The Exilva Blog

The leading blog on nanocellulose

Coatings, adhesives/sealants

How to compare rheology additives: The example of nanocellulose/cellulose fibrils and HASE

Posted by Mats Hjørnevik on 23. October 2018

For decades, producers of fluid materials have used HASE as the fundamental technology to control flow. How can new technologies complement this work horse of rheology modification? This week I am trying to uncover the key aspects of the HASE technology and give you ideas on the HASE technology in relation to the world I am familiar with: nanocellulose and cellulose fibrils. 

What is hase?

Hydrphobically modified alkali swellable emulsions (HASE), are rheology additives delivered at low pH, and needs increase in pH to start their thickening effect. In addition, it has hydrophobic groups which can associate with each other. In this process they form micelles which enables attachments with the hydrophilic part of the formulation. This is making it a versatile and important rheology additives. Below, I have tried to compare it to the technology I know, nanocellulose/cellulose fibrils and how these two technologies affects the rheology of your formulation.

Similarities and differences

The first and most striking difference between the two additives is their physical and chemical nature. HASE, a water-soluble polymer, is a synthetically derived product with various product types based on its molecular composition (weight and chain length). It is, as the name suggests, swellable only in alkali environments.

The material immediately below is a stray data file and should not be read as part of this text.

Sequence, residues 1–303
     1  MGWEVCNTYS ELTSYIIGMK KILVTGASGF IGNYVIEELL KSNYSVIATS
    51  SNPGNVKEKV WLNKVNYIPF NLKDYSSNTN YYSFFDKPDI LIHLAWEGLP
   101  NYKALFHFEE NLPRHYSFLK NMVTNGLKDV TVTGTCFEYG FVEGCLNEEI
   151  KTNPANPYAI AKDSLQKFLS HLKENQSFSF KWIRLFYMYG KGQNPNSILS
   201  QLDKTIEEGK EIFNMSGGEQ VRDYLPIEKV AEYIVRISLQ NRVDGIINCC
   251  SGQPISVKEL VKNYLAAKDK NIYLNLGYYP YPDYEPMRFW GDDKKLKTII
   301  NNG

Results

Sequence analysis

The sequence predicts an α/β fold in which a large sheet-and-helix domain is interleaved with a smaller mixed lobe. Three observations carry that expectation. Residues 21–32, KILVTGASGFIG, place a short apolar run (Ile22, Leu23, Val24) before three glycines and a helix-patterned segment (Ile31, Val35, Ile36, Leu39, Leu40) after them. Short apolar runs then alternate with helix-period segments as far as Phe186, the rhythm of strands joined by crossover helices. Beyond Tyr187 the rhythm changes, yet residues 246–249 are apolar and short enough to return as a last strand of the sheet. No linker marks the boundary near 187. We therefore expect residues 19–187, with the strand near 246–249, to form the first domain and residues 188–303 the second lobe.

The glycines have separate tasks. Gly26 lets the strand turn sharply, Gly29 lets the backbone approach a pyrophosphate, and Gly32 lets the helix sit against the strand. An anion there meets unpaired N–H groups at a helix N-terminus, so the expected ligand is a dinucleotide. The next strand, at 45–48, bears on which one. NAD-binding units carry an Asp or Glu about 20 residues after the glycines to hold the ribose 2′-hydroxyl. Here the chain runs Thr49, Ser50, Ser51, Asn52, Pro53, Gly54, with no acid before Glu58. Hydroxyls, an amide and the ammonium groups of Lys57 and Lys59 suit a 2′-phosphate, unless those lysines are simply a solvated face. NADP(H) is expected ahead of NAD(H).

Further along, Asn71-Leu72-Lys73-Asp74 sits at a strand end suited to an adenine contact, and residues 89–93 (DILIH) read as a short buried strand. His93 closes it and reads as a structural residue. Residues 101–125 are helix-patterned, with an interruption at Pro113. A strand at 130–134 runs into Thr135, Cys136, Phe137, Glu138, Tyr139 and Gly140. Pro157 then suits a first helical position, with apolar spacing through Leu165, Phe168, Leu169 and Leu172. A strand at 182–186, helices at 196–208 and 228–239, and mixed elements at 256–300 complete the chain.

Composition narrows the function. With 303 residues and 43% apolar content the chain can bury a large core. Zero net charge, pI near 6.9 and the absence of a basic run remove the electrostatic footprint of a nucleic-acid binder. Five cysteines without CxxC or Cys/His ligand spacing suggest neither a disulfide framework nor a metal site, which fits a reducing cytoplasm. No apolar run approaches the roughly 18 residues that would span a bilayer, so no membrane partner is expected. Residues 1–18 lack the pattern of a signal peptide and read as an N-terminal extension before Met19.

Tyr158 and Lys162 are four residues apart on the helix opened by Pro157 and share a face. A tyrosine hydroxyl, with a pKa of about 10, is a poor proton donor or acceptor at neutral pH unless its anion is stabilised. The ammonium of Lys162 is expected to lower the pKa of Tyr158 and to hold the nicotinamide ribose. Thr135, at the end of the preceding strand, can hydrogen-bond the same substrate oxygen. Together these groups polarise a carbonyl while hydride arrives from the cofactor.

The nanocellulose/cellulose fibrils is an insoluble fiber network not dependent on the same alkali environments to work. Its effect on rheology and thickening varies across the pH ranges but is stable from pH 1-13 (source: Borregaards Exilva product).

> Read also: What makes cellulose fibrils stable over a wide PH-range 


Cellulose fibrils (Borregaard's Exilva MFC) seen in microscopy.
The insoluble fibrils can be seen in the picture.

The degree of shear thinning of nanocellulose/cellulose fibrils and HASE can also be slightly different. This difference in rheological properties is relevant for time delay in viscosity recovery (thixotropy). In certain applications, it might be a good option to combine HASE and cellulose fibrils to achieve a desirable rheology profile (fine-tuning the shear thinning and thixotropy. Nanocellulose/cellulose fibrils can also boost the effect on open-time, anti-cracking and emulsion stability, providing a good synergistic effect with the HASE’s rheology control.

Addition: pre-addition and post-addition

HASE and nanocellulose/cellulose fibrils are different in material handling and introduction to your product formulation. HASE is a technology which is famous for its ability to fine tune the properties of, for instance coatings, at the end of the manufacturing process. This is due to its low viscosity and how alkali environments activates its thickening properties. Nanocellulose/cellulose fibrils can also be post-added, but is more vulnerable to the need for high shear to be present (see our blog post on the subject). A manufacturer of coatings should rather add nanocellulose/cellulose fibrils in the grinding phase to ensure the necessary shear.

DOWNLOAD FREE EBOOK:  Microfibrillated Cellulose and Rheology Modification

Mats Hjørnevik

Mats Hjørnevik

Mats Hjørnevik has more than eight years’ experience working on microfibrillated cellulose. Being the marketing manager of the Exilva products from Borregaard, he worked closely on introducing the concept of microfibrillated cellulose to the market. Mats has a M.Sc. in international marketing and experience from international locations. Mats is now marketing manager in Nordkapp Boats.

Comments to this blog post

Never miss out

Sign up to our blog for all the latest